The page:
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http://dx.doi.org/10.1016/j.mri.2021.10.008DOI Listing
January 2022

Clinical translation of hyperpolarized C pyruvate and urea MRI for simultaneous metabolic and perfusion imaging.

Magn Reson Med 2022 01 10;87(1):138-149. Epub 2021 Aug 10.

Department of Radiology and Biomedical Imaging, University of California, San Francisco, San Francisco, California, USA.

Purpose: The combined hyperpolarized (HP) C pyruvate and urea MRI has provided a simultaneous assessment of glycolytic metabolism and tissue perfusion for improved cancer diagnosis and therapeutic evaluation in preclinical studies. This work aims to translate this dual-probe HP imaging technique to clinical research.

Methods: A co-polarization system was developed where [1- C]pyruvic acid (PA) and [ C, N ]urea in water solution were homogeneously mixed and polarized on a 5T SPINlab system. Physical and chemical characterizations and toxicology studies of the combined probe were performed. Simultaneous metabolic and perfusion imaging was performed on a 3T clinical MR scanner by alternatively applying a multi-slice 2D spiral sequence for [1- C]pyruvate and its downstream metabolites and a 3D balanced steady-state free precession (bSSFP) sequence for [ C, N ]urea.

Results: The combined PA/urea probe has a glass-formation ability similar to neat PA and can generate nearly 40% liquid-state C polarization for both pyruvate and urea in 3-4 h. A standard operating procedure for routine on-site production was developed and validated to produce 40 mL injection product of approximately 150 mM pyruvate and 35 mM urea. The toxicology study demonstrated the safety profile of the combined probe. Dynamic metabolite-specific imaging of [1- C]pyruvate, [1- C]lactate, [1- C]alanine, and [ C, N ]urea was achieved with adequate spatial (2.6 mm × 2.6 mm) and temporal resolution (4.2 s), and urea images showed reduced off-resonance artifacts due to the J coupling.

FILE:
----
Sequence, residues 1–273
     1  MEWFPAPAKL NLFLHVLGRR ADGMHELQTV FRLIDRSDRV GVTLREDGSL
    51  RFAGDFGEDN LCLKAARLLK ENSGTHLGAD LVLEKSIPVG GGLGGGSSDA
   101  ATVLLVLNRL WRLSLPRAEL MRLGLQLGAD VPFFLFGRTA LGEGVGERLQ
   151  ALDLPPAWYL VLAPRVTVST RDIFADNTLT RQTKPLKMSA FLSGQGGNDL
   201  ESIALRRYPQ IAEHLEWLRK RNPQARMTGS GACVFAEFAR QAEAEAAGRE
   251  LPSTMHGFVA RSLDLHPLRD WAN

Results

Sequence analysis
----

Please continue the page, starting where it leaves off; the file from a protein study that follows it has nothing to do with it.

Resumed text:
Conclusion: The reported technical development and translational studies will lead to the first-in-human dual-agent HP MRI study and mark the clinical translation of the first HP C MRI probe after pyruvate.
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http://dx.doi.org/10.1002/mrm.28965DOI Listing
http://www.ncbi.nlm.nih.gov/pmc/articles/PMC8616838PMC
January 2022

Specialized computational methods for denoising, B correction, and kinetic modeling in hyperpolarized C MR EPSI studies of liver tumors.

Magn Reson Med 2021 11 3;86(5):2402-2411. Epub 2021 Jul 3.

UC Berkeley-UCSF Graduate Program in Bioengineering, University of California, San Francisco and University of California, Berkeley, California, USA.

Purpose: To develop a novel post-processing pipeline for hyperpolarized (HP) C MRSI that integrates tensor denoising and correction to measure pyruvate-to-lactate conversion rates (k ) in patients with liver tumors.

Methods: Seven HP C MR scans of progressing liver tumors were acquired using a custom C surface transmit/receive coil and the echo-planar spectroscopic imaging (EPSI) data analysis included B correction, tensor rank truncation, and zero- and first-order phase corrections to recover metabolite signals that would otherwise be obscured by spectral noise as well as a correction for inhomogeneous transmit ( ) using a map aligned to the coil position for each patient scan. Processed HP data and corrected flip angles were analyzed with an inputless two-site exchange model to calculate k .

Results: Denoising averages SNR increases of pyruvate, lactate, and alanine were 37.4-, 34.0-, and 20.1-fold, respectively, with lactate and alanine dynamics most noticeably recovered and better defined. In agreement with Monte Carlo simulations, over-flipped regions underestimated k and under-flipped regions overestimated k . correction addressed this issue.